[Haskell-cafe] Memory leak in streaming parser

Oren Ben-Kiki haskell-oren at ben-kiki.org
Mon Apr 2 09:40:11 EDT 2007

On Mon, 2007-04-02 at 13:54 +0100, Malcolm Wallace wrote:
> An observation about your state setter functions, ...
> You can shorten your code considerably by using the standard named-field
> update syntax for exactly this task:
>   setDecision :: String -> State -> State
>   setDecision decision state = state { sDecision = decision }

If I do that, the run time insists on the state being "more" evaluated
before it changes that specific field. This kills streaming, enforcing
each production (including the top one) to be fully parsed before I
can access its generated tokens. So the GC won't be hanging on to
State objects, but memory still explodes - with unconsumed Token
objects. And there's no output from the program until it dies :-(

> Not only is it shorter, but it will often be much more efficient, since
> the entire structured value is copied once once, then a single field
> updated, rather than being re-built piece-by-piece in 15 steps.

I know! Is there an efficient way to lazily modify just one field record?

> You probably want to be strict in the state component, but not in the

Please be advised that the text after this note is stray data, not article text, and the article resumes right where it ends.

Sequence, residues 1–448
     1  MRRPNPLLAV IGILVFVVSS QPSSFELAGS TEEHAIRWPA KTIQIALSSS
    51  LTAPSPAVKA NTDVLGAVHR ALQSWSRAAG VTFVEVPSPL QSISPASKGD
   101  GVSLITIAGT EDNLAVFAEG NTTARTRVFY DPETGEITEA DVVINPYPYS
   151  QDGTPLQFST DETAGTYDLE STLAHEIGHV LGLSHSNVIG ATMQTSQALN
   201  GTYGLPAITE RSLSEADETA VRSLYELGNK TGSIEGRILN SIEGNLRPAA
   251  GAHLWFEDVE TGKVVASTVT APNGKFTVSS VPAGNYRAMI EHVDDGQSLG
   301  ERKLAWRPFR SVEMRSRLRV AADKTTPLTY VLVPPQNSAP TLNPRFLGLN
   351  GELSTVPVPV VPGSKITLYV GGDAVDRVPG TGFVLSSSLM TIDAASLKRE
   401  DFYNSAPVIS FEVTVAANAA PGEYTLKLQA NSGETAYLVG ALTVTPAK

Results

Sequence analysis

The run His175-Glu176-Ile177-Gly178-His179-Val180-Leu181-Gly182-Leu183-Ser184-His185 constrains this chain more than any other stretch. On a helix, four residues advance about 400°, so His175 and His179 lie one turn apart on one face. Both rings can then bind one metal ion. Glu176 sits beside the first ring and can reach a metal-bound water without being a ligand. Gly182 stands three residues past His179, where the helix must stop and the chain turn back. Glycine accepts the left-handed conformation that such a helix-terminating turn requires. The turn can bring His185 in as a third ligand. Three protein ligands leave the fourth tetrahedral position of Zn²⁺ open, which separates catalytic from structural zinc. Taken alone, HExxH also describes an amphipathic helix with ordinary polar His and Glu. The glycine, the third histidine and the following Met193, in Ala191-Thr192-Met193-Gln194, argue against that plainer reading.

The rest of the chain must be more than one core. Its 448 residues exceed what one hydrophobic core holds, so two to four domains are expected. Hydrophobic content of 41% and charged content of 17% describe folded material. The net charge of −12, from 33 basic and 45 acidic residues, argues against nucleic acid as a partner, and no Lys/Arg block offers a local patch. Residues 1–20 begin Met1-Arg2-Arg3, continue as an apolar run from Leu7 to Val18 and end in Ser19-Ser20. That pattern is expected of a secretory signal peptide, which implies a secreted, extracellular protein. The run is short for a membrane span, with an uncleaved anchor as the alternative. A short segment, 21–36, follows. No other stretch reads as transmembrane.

> output values of your monad.  So as well as replacing
>     let ... in (finalState, rightResult)
> with
>     let ... in finalState  `seq`  (finalState, rightResult)
> in the (>>=) method in your Monad instance (and in the separate defn of

For some strange reason, adding this didn't solve the problem - the GC
still refuses to collect the state objects. BTW, forcing the
evaluation of the intermediate states (originalState, leftState,
rightState etc.) doesn't help either.

I have tried to ensure that when '>>=' and '/' will allow the GC to
discard old states "as soon as possible", but I'm obviously missing
something. Is there a way to get more detailed retainer information
than what's available with '-hr'?

> you might also need to make all the named fields of your State datatype
> strict.

If I make any of them strict, streaming goes away :-(

Writing a streaming parser in Haskell is turning out to be much harder
than I originally expected. Every fix I tried so far either broke
streaming (memory blows up due to tokens) or had no effect (memory
blows up due to states). I am assuming that there's a magic point in
the middle where tokens are consumed and states are GC-ed... but it
has eluded me so far.


    Oren Ben-Kiki

P.S. I uploaded the package to Hackage. I added a debug-leak
production to make it easier to profile this with even less
productions involved.  ``yes '#' | yaml2yeast -p debug-leak''.

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